He's behind you! Pantomimes and Pierrot

By other museum staff on 19 Dec 2012

With panto season firmly upon us, digital curator, Ellie Miles, goes back 200 years to meet some of pantomime’s earliest characters. Whilst working on the theatrical portraits for collections online, I kept finding the same characters appearing. In the left hand side of this print you can see Harlequin, wearing a mask. To Harlequin’s right, in blue, is the character ‘Pierrot’. Beatrice blogged about Pierrot costumes a couple of years ago. She wrote about Gertie Millar’s Pierrot costume, which Millar wore in 1909, but this print is from 1802, when Pierrot was just one the characters in the Harlequinade. I […]

Bric-à-Brac

By beatrice behlen on 23 Aug 2010

I can finally show you my all time favourite photograph of Gertie Millar. As you can see, she is sitting on what is probably a flower stand in a fancy, striped playsuit acessorised by striped socks, lovely white shoes and a Struwwelpeter wig. The actress is surrounded by soft toys (what kind of animal is hanging next to her head?) as the photo alludes to Toy Town, a musical number from the revue Bric-à-Brac, which premiered at the Palace Theatre (the one where Priscilla Queen of the Desert has replaced Les Misérables) on 18 September 1915, roughly a year after […]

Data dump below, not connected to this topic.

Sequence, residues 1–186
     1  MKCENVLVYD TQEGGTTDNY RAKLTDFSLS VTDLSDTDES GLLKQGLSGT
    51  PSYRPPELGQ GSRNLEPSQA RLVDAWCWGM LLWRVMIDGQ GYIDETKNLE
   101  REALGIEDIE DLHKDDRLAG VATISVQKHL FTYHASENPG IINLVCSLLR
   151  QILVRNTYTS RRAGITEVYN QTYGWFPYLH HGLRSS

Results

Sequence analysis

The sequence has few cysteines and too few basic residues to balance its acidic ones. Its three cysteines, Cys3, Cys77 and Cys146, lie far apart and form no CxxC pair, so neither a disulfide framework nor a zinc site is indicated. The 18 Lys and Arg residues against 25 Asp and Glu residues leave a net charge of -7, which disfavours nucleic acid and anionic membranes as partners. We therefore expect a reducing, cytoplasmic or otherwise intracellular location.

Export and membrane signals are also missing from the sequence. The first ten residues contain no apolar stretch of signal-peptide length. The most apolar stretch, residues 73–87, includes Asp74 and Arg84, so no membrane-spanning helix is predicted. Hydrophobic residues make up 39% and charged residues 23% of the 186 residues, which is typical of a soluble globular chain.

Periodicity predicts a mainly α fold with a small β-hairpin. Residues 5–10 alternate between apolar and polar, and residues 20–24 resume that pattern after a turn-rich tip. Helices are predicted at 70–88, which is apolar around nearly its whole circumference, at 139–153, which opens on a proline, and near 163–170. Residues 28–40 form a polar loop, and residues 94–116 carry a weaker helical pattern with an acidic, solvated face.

'I'm such a silly when the moon comes out …'

By beatrice behlen on 9 Aug 2010

On 25 January 1909 The Times published a lengthy review of a ‘New Musical Play, in Two Acts’, that had premiered at the Gaiety Theatre two days earlier. Part of the reason why the article was so long was the comedy’s complicated, if not very original, plot. When the play moved to the Knickerbocker Theatre in New York the following year, one critic described it as the ‘familiar he-fell-in-love-with-one-who-was-beneath-him-in-station type’ (The New York Times, 30 August 1910). Similarly, Richard Traubner in his guide to operetta (Routledge 2003) thought it was a show of the ‘typical department-store-salesgirl-meets-disguised-rich-earl-spurns-and-finally-accepts-him variety’. Gertie Millar played […]

Pierrots and obssessive curatorial behaviour

By beatrice behlen on 12 Jul 2010

The whole thing started about two years ago with a photo album, which I showed to a researcher looking at gowns by Lucile. According to the notes on our database, one of the dresses had been designed for the actress Gertie Millar and, sure enough, she wore it in one of the photos. That was quite exciting in itself but what really gave me palpitations was a group of images showing Gertie dressed as Pierrot and as Jumping Jack. At first the obsession just manifested itself in an email to my long-suffering colleagues in Retail insisting that the photographs had […]